Count Me Out
Becky Baxter / Conal O’Donoghue / Shauna McGarrity / John McNulty / Hannah Baxter
A song about alienation; a song about superficiality; a song about modern society.
The driving drum beat, with its intricacies, that is such a feature of this track is the product of a great deal of hard work and self-examination on John’s part. The rest of the song was pretty much finished and polished to its final form, but John kept saying he was not satisfied with his part. Finally, after much frustration and a growing sense of embarrassment, John locked himself away to return to his roots and immerse himself in the works of John Bonham, Ian Paice and Ginger Baker … and inspiration duly arrived. John demonstrated it at the start of the next practice session and right away everyone knew we had the final piece of the puzzle.
The lyrics come from Becky’s sister Hannah and provide a glimpse of both her viewpoint coloured by Asperger’s Syndrome and her dismay at the shallowness of modern ‘pop’ culture. It is truly a song about alienation, a song about superficiality and a song about modern society and its skewed values. The lyrics are all about turning one’s back on modern binge drinking, living fast and superficially and society’s obsession with “being famous for being famous” without any underlying substance or talent. The title and the chorus, “Count me out”, reveal a rejection of the skin-deep and trivial outlook on life and suggest a desire for greater significance in our modern society.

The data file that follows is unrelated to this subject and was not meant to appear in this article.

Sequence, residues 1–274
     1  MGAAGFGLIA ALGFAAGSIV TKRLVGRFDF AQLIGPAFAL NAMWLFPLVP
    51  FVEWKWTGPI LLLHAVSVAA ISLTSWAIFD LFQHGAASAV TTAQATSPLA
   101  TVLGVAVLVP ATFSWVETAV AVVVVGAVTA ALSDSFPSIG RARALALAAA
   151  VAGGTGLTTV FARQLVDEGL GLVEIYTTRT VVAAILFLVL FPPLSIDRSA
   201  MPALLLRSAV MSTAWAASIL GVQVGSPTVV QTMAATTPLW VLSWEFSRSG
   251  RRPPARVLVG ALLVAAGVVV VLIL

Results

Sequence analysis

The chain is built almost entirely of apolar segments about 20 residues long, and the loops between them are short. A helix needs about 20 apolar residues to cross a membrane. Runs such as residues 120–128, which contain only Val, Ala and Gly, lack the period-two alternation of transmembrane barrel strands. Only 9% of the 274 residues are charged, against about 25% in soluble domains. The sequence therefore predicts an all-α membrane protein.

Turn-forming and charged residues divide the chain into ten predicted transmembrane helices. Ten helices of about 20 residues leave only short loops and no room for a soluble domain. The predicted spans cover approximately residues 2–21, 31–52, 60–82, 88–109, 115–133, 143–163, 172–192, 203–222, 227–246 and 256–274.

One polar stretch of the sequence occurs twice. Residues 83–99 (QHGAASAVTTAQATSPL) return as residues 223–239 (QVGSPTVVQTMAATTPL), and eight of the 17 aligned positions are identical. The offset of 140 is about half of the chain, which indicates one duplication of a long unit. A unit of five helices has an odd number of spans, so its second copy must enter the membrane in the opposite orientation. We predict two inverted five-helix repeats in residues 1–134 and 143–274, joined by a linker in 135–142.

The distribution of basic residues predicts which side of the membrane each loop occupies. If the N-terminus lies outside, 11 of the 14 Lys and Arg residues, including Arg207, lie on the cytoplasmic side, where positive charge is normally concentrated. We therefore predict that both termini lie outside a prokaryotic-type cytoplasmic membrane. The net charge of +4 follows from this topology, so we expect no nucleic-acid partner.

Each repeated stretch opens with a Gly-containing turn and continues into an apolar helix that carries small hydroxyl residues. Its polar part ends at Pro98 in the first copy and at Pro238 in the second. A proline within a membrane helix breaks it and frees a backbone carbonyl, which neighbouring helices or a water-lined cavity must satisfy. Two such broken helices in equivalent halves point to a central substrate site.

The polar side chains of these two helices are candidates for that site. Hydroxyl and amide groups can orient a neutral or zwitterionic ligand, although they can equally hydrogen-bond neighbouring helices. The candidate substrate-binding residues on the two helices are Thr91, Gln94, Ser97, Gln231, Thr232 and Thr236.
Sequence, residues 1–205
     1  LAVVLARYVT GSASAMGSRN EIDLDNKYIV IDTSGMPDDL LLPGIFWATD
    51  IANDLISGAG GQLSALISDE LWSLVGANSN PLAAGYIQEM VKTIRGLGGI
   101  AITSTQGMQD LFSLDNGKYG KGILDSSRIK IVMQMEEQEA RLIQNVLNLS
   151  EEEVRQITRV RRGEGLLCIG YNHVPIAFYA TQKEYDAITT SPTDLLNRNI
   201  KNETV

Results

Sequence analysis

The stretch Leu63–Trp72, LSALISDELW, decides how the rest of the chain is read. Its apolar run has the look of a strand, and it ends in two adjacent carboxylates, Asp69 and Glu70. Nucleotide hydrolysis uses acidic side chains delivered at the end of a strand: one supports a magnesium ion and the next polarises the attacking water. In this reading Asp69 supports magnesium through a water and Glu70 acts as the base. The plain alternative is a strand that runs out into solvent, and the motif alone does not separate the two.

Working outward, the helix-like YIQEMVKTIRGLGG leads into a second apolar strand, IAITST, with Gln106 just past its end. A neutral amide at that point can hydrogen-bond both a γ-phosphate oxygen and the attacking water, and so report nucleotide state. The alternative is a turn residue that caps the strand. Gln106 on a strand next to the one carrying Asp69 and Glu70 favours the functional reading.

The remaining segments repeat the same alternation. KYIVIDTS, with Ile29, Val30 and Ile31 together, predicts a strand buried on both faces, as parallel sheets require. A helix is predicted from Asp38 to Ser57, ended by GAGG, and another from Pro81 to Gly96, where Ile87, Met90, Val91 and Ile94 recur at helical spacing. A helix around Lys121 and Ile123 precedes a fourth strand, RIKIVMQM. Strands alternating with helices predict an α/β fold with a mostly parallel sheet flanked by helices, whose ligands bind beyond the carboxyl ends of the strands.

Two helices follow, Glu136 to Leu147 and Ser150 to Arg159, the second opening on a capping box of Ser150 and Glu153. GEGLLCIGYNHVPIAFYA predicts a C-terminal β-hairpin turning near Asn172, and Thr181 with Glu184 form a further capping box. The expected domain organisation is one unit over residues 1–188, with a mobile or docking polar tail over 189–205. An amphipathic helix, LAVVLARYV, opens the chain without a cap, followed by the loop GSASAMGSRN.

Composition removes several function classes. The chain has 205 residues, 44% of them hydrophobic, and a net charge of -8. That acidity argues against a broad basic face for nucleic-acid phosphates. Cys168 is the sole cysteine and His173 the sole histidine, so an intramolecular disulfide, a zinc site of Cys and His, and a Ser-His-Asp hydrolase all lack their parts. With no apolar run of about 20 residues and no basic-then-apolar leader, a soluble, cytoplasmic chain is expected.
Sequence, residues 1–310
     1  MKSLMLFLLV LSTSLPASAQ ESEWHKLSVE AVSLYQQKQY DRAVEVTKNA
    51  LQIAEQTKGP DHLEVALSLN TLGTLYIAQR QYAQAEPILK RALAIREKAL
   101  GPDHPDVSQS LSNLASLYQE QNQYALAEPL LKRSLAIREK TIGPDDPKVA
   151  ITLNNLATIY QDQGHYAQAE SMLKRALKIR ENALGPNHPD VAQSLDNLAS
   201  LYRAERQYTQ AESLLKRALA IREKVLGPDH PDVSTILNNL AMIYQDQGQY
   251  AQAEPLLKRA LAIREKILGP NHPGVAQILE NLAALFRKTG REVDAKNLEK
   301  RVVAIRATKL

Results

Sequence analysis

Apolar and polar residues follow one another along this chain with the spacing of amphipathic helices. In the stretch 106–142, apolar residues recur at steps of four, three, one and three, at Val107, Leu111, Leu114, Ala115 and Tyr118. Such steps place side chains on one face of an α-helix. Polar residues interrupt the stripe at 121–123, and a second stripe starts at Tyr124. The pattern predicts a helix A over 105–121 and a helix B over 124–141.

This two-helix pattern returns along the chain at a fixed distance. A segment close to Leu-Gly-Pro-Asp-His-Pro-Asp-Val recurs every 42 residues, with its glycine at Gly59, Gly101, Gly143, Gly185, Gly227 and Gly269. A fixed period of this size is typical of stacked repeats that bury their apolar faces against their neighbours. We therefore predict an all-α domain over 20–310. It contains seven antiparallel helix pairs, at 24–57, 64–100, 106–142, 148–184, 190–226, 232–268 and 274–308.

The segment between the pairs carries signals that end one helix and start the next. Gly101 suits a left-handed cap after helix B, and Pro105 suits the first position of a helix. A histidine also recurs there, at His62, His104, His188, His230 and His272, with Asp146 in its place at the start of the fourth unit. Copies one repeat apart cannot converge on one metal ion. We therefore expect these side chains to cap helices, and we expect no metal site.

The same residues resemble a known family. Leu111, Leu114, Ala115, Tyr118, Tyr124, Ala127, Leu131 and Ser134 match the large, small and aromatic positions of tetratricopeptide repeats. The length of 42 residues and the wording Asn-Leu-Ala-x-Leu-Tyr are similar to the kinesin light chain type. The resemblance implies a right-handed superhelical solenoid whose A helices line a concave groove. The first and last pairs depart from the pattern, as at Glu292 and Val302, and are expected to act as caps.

The track is yet another product of the “kitchen sessions” at John’s house, with the initial riff and chord arrangement coming together in a short period of time thanks to Shauna and Conal and the rest of the song developing over the next few weeks.
There have been a few tweaks and changes over time, most notably in the tempo of the track, but it remains fundamentally what it always was: a protest song criticising modern attitudes to life and fame and the modern trend towards self-indulgence without offering any contribution in return: a song about alienation, a song about superficiality and a song about modern society.